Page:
Work disability after diagnosis of hand-arm vibration syndrome
Purpose Our aim was to study the course of vasospastic and sensorineural symptoms after the clinical diagnosis of hand-arm vibration syndrome (HAVS), and the association of current HAVS symptoms with occupational status, self-evaluation of health, quality of life, and work ability.
Methods We gathered all HAVS cases diagnosed at the Finnish Institute of Occupational Health in Helsinki and Tampere during 1990–2008. A questionnaire was sent to all these patients (n = 241). Altogether 149 of them (62 %) returned the questionnaire. Cumulative lifelong vibration exposure was evaluated on the basis of the data in the patient files.
Results On average, 8.5 years after the diagnosis of HAVS, approximately one-third of the patients reported improvement in symptoms of vibration-induced white finger (VWF) and the sensorineural symptoms. Young age and shorter exposure time were associated with improvement in VWF symptoms (p = 0.033 and p < 0.001, respectively). Persistent or deteriorated symptoms of both VWF and sensorineural symptoms were associated with lowered work ability, quality of life (EQ-5D), and general health, also after adjusting for age, smoking, and diseases other than HAVS. The patients’ own prediction of work ability in 2 years was more negative if the VWF symptoms or sensorineural symptoms had continued after diagnosis of HAVS (p = 0.065 and p = 0.001, respectively).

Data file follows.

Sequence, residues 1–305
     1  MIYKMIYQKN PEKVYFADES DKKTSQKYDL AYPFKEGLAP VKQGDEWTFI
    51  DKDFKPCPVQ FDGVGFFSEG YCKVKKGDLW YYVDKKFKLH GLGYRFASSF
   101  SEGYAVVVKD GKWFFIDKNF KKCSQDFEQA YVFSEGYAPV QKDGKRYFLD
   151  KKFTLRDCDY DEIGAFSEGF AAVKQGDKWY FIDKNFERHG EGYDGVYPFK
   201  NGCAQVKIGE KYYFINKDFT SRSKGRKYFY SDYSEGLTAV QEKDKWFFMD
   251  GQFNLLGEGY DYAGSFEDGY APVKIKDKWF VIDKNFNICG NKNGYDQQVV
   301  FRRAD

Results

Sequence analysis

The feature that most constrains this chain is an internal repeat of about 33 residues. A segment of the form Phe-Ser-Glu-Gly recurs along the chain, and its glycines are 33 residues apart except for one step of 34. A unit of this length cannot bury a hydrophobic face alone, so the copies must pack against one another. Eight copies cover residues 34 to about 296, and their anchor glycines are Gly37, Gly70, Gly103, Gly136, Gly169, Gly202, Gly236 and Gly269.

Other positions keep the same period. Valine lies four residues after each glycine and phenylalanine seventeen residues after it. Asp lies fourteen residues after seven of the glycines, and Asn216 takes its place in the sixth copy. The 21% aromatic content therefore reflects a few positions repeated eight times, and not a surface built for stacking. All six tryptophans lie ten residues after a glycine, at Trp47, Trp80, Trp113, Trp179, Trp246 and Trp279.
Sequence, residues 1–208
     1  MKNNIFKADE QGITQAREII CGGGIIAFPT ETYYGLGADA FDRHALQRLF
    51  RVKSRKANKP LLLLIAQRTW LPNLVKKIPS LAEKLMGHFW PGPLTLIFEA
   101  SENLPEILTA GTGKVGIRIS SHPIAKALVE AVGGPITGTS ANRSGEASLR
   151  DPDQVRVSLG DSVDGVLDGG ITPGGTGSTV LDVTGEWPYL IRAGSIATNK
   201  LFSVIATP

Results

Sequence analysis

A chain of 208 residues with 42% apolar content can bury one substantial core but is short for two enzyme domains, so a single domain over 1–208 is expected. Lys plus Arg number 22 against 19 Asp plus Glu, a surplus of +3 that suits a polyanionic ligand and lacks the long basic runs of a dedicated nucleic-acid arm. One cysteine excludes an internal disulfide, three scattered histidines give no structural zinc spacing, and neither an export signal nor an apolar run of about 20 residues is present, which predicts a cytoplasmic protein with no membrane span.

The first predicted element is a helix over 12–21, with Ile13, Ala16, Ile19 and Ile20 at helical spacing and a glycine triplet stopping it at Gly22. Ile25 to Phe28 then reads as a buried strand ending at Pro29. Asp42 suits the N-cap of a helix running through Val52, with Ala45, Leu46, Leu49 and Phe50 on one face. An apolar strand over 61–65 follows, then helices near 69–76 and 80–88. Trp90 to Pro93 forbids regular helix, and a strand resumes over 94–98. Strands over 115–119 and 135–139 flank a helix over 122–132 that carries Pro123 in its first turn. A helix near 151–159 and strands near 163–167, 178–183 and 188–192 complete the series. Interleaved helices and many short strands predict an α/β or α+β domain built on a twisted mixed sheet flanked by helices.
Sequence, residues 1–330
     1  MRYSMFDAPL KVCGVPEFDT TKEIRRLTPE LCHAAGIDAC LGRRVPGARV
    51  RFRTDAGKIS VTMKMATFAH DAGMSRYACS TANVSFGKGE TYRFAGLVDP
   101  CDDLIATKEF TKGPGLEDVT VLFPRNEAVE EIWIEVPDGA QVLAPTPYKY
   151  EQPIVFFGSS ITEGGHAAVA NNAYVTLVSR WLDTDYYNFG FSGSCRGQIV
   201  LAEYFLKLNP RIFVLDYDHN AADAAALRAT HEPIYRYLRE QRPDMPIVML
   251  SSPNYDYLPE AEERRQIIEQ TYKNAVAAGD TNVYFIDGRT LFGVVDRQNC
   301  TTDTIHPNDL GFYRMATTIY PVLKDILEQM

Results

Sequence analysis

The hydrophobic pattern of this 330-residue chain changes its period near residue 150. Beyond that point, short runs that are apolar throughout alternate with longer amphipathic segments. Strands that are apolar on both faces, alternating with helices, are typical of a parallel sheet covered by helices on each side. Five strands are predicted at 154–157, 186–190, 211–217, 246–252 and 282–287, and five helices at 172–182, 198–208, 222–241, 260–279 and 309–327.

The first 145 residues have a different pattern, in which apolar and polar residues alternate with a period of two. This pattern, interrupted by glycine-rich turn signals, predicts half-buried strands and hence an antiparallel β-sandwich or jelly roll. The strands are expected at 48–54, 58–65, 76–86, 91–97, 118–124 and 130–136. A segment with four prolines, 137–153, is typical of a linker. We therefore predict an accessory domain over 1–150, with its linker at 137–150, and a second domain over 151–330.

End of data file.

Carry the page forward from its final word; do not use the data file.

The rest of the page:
Conclusions Our results suggest that in about two-thirds of the patients, the HAVS symptoms may stabilize or deteriorate in the follow-up. Considering the effects on work ability, timely prevention measures should be taken more actively to help patients continue their working careers.